III: Madder

How mummy paint created robbery fashion.

III: Madder
A blooming madder stalk. Photo by Dinesh Valke.

Good morning. Today is tridi, the 23rd of Brumaire, Year CCXXXI. We celebrate la garance, an herb used for dying things red.

Madder is an herb that grows so tall on such a thin stalk, it typically falls over by the end of its growing season. The star of the show has always been its root, which is bright red even when covered with dirt, and becomes even more brilliant when washed and gently scrubbed. The root can be pounded into a powder that is excellent for making red dye, which is something people have done with it since before recorded history.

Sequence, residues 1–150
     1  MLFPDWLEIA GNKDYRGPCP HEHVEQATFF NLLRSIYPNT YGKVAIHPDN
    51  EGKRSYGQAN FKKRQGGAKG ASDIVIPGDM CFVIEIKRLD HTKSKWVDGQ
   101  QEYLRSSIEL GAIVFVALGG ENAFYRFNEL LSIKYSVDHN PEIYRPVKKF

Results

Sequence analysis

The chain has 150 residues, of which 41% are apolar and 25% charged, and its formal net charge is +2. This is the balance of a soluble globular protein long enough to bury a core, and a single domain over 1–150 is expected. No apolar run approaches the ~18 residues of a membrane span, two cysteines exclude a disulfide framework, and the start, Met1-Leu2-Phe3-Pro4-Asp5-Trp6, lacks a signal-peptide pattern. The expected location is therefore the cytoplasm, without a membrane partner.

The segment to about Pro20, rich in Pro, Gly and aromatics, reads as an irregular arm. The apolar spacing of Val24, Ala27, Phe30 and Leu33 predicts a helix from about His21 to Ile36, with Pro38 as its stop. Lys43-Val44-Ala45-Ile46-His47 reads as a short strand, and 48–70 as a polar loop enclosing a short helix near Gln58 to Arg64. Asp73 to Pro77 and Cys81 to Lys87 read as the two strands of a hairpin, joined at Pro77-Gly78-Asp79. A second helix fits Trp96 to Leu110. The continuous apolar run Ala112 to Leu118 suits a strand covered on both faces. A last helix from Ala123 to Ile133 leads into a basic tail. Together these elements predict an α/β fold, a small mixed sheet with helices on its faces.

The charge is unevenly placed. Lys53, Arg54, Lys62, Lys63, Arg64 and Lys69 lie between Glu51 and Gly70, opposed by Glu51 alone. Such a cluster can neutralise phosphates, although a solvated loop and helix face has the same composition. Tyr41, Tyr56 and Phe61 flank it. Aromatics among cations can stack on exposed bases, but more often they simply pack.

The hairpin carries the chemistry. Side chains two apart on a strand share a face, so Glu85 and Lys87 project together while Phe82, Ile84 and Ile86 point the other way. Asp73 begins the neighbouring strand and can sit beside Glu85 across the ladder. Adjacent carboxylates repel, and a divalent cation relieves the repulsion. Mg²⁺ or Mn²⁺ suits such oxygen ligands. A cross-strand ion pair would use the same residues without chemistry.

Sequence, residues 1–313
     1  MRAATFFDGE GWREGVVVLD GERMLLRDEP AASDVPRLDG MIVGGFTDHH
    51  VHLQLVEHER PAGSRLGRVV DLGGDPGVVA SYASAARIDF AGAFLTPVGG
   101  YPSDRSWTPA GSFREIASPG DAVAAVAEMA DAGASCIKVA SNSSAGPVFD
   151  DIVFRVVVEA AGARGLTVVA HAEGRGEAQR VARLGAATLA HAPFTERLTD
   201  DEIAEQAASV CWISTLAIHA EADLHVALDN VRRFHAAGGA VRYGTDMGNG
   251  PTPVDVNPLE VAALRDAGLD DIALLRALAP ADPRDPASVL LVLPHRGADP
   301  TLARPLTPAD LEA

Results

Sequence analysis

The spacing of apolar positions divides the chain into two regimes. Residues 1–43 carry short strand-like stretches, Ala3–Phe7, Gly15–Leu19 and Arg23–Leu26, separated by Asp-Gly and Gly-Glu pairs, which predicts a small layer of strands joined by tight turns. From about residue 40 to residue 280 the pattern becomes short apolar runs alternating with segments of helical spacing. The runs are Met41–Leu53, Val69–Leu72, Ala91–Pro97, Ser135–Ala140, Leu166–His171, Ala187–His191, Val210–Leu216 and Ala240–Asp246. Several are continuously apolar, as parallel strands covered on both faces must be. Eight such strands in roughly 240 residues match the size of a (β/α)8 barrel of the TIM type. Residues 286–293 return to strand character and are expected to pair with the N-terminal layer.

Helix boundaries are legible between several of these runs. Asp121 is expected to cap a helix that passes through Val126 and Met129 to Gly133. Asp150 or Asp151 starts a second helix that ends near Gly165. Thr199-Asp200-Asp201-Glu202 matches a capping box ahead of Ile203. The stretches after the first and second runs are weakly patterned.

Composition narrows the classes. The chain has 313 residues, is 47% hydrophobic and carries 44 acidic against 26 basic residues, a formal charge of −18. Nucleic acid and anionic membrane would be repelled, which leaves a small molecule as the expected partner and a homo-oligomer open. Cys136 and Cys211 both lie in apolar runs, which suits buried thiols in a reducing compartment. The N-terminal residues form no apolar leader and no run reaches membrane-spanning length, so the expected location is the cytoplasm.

Lake pigments are dyes and paints made from crushed herbs that are then mixed with metallic salts or other substances to "fix" the color. Some of these herbal pigments, like indigo, are better known as colors than plants. Rose madder – or madder lake – is probably another.

The invention of rose madder is traced to ancient Egypt, where it was used to dye textiles and paint mummy portraits. A lake pigment, however, is semi-transparent and "fugitive," meaning it fades when exposed to light over a period of time. Mummy portraits were a perfect use for the paint, given that they were sealed away in the darkest of tombs, but over time, most artists opted to use them more as a glaze to enhance other red pigments, particularly when painting bright crimson robes or lips.